Thursday 29 March 2012

1-year debarment if you cancel HDB booking

By Sumita Sreedharan, TODAY, 29 Mar 2012

In a move to discourage buyers who book a flat but subsequently cancel their booking, the Housing and Development Board (HDB) yesterday unveiled new penalties to "deter non-genuine" buyers and protect the interests of serious buyers.

Flat applicants who cancel their bookings will now be barred for a year from applying, or be included as an essential occupier for a new HDB flat, a Design, Build and Sell Scheme (DBSS) or a Executive Condominium (EC) unit, or a resale flat with housing grants.

This requirement will, however, be waived in "exceptional circumstances beyond the control of the applicants".

"Applicants who booked a flat and subsequently cancelled their booking would have deprived someone the chance to book the unit," explained the HDB. "The imposition of the one-year debarment period is intended to deter non-genuine flat applications and cancellations."

Currently, buyers pay a nonrefundable booking fee when they select a unit and a 10 per cent downpayment when they sign the purchase agreement.

The move triggered a reaction from some property agents but was welcomed by genuine buyers.

The HDB also stressed that this revision would not affect serious buyers and would enable the HDB to help those with urgent housing needs. As to what would constitute "exceptional circumstances", the HDB said it would review each appeal on a case by case basis.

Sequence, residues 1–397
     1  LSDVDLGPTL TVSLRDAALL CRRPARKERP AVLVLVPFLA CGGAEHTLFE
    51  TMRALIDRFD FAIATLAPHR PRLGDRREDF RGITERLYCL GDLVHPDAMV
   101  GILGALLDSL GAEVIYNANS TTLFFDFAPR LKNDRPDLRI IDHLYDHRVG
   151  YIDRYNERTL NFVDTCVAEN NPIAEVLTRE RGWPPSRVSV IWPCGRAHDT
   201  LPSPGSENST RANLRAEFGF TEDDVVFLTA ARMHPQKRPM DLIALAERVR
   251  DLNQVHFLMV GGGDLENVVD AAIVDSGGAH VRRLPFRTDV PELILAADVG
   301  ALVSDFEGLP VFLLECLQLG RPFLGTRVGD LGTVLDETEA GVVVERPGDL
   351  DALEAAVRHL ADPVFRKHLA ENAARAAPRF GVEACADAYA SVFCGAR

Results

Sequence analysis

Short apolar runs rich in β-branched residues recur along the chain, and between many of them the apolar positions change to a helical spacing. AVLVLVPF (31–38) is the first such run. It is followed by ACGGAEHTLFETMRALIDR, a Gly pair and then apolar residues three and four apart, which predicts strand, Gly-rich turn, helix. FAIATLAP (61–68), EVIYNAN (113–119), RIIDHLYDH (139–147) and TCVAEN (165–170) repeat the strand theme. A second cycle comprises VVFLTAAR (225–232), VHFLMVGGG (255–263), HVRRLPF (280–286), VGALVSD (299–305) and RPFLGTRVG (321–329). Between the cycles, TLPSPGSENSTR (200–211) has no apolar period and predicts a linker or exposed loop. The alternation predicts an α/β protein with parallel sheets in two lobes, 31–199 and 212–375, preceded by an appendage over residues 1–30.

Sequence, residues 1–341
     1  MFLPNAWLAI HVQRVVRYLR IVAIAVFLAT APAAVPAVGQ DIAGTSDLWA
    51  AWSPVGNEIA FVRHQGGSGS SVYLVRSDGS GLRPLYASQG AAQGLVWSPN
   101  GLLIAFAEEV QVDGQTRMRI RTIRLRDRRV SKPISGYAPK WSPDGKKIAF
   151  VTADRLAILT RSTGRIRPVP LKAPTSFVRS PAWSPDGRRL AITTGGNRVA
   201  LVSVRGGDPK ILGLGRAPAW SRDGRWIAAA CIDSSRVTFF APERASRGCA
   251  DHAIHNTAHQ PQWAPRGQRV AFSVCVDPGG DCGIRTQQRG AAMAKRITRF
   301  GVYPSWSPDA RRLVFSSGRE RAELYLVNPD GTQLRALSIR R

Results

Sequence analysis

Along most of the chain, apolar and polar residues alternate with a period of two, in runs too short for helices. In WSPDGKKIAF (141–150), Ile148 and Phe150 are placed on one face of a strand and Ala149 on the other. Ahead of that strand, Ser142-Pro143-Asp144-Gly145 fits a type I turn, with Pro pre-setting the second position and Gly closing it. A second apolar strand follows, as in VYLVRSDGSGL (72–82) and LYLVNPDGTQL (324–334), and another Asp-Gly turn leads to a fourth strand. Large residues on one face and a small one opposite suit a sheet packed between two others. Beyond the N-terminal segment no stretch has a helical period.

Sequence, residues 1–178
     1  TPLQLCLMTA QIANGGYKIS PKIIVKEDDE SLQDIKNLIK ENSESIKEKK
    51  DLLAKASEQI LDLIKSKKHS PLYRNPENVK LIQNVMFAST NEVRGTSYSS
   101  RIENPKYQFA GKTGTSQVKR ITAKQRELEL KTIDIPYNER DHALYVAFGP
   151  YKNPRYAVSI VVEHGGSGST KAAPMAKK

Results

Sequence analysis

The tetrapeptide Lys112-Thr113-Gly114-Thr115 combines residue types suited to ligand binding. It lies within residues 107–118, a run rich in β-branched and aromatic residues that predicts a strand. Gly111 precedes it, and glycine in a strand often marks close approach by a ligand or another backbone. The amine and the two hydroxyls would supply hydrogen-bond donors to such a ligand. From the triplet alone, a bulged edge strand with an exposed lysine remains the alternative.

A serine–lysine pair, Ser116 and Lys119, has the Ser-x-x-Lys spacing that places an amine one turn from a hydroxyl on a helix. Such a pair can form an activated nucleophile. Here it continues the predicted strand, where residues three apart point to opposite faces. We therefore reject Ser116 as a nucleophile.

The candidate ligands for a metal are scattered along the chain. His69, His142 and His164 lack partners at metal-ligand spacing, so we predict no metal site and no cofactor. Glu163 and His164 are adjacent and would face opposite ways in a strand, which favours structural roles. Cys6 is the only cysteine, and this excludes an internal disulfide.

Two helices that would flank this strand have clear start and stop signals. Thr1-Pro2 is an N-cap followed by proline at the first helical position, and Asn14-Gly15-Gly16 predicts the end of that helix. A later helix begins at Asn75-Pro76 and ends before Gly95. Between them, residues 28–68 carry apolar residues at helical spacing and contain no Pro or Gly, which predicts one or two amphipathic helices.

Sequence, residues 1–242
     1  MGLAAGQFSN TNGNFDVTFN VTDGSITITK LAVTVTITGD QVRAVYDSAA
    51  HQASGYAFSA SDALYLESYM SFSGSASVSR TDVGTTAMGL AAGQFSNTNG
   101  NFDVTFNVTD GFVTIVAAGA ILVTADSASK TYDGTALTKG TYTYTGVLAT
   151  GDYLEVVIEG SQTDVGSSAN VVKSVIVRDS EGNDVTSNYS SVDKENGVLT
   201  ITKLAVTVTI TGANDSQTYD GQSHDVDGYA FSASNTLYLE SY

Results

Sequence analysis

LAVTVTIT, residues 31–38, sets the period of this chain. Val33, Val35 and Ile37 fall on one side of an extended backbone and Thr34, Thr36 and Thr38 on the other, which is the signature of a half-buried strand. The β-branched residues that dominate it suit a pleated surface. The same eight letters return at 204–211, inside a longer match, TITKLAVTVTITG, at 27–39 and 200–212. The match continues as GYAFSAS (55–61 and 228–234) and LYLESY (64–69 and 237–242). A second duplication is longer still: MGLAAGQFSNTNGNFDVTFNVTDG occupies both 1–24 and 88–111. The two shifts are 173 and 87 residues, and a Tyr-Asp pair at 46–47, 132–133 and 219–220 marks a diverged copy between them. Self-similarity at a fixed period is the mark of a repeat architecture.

The HDB has seen a steady increase in the number of flat booking cancellations over the last five years - from 309 in 2007 to 1,540 cancellations last year.

The cancellations form 5 to 6 per cent of BTO supply. The applicants cite various reasons for cancellation, such as a change in housing plan and intention to buy another flat.

With the high number of new BTO flats to be rolled out - there will be 25,000 new units this year - Mr Mohamed Ismail, chief executive officer of PropNex Realty, felt that the HDB could be urging buyers to take applications seriously, as their decisions would impact their ability to get a future flat.

"People tend to be fickle and could decide they prefer a unit in a newer launch and cancel their previous booking," he added.

However, Mr Eugene Lim, ERA key executive officer, felt that the ban was "too harsh". He noted the applicant would already have lost their booking fees, which meant applicants were being penalised twice. "If a buyer were to cancel an order for a BTO, the ban should just be on another BTO, and not for ECs and DBSS units," said Mr Lim.

Flat buyers welcomed the HDB's move. "I don't think the ban will affect real buyers as most of us know where we want to apply," said preschool teacher Lucy Chia, 32.

Business development manager Bernard Choo, who is considering buying a Bedok BTO flat, added: "It is a good thing so that you don't waste the time of serious buyers. It would be frustrating to know you didn't get a flat because buyers were applying and then giving them up. There are some of us who are really tied to certain areas and want to continue to live there with our own families."

Another tweak that the HDB announced yesterday was in the income ceiling for two room flats in mature estates, which has been raised from S$2,000 to S$5,000.

The HDB explained the revision is part of their regular review of policies "to ensure that they remain relevant to meet the changing needs of society".

This revision, according to the HDB, is meant to provide an additional housing option for households who prefer to live in mature estates, while ensuring that two-room flats in non-mature estates continue to be safeguarded for low-income families. This will also help households live near their families who may reside in mature estates, said the HDB.

No comments:

Post a Comment